Yemen: 96 Hours of Internet Blackout
By: Khaled A. BaRahma
Photo Credit: Mohammad Hadi
An airstrike on a telecommunications hub in the port city of Al Hodeida on Friday caused a total internet blackout in Yemen at about 1 am local time. Several people posted pictures of bomb damage to a telecommunication building online. A Saudi-led coalition attacked Houthi rebels in Yemen with airstrikes from Al Hodeida, the Associated Press confirmed later.
TeleYemen, the state-owned company that controls the country's internet access, is now under control of the Houthis rebels. According to Yemeni media controlled by Houthi rebels, an unknown number of people were killed in the attack on the telecommunications hub. Initial reports of a strike were corroborated by visual reports.
According to NetBlocks, Al Hodeida is Yemen's main landing point for internet connections, which are connected via the undersea cables FALCON and SEA-ME-WE 5. Most of TeleYemen's western population is connected to the internet via the FALCON cable. Internet advocacy group SMEX said the outage was caused by airstrikes conducted against Houthi-held cities like Al Hodeida.
There are now very few companies and banks that have access to the Internet, and those that are subscribed to the 'Aden Net' network, whose subscribers are few, Following the attack, all government servers were disrupted as SMEX explained.
According to the associated press, the coalition made "accurate airstrikes to destroy the militia's capability in Al Hodeida," but did not confirm targeting the telecommunications facility specifically. It was reported in The Washington Post those citizens during the deadly bombing campaign were terrified because their families and friends could not be reached.
YemenNet (AS30873), a leading network, lost connectivity early on Friday morning, as shown by real-time metrics. Although visual investigations suggest this may have been the case, it is unclear if telecommunication infrastructure was specifically targeted. Due to the blackout, coverage on the ground will likely be limited.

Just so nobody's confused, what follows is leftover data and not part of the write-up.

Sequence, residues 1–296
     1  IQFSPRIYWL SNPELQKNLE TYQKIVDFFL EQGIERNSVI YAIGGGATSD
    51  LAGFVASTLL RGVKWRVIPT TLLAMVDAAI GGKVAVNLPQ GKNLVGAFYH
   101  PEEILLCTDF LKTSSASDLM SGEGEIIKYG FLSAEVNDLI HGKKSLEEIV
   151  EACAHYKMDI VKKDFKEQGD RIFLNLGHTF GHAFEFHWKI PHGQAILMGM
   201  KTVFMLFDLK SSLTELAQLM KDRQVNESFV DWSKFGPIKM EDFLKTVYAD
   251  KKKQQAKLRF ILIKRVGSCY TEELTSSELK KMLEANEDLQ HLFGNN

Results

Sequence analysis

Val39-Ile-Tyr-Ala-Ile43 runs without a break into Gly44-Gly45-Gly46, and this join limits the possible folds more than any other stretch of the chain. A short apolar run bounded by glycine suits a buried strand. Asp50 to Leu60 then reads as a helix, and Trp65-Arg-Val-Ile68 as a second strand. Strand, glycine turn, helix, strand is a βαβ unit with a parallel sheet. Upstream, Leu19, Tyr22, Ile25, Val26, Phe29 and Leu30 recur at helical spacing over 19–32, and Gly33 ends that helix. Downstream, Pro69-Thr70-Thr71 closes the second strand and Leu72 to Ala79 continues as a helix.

Initial reports of a strike were corroborated by visual reports. There are two undersea cables that route through the Red Sea to Yemen, the FALCON and SEA-ME-WE 5 cables, that originate from Al Hudaydah. Saada was affected by the nationwide outage. Web monitor NetBlocks said connectivity had been disrupted after a series of airstrikes. The outage also prevented citizens from transferring money or working with foreign companies.
During the Biden administration, President Biden ended the same arms sales as the Trump administration and declared that the US would "end all support" for a war that created "a humanitarian and strategic catastrophe." Nevertheless, later, he approved an over $450 million contract for maintaining attack helicopters used in the war. Although the Saudi’s administration has been costing tens of billions in war, some observers were hoping the Covid-19 pandemic would allow them to end the war in a more dignified manner. As a result of the recent airstrikes, violence has escalated dramatically on all sides in recent weeks. A ballistic missile launched by Houthi rebels into the UAE last week have killed at least three.
There have been over 100,000 people killed and over four million people displaced in the seven-year conflict, with millions of people on famine. In addition to Hodeidah, which is home to submarine cable landing stations, the Houthi group still controls a large portion of the north of Yemen.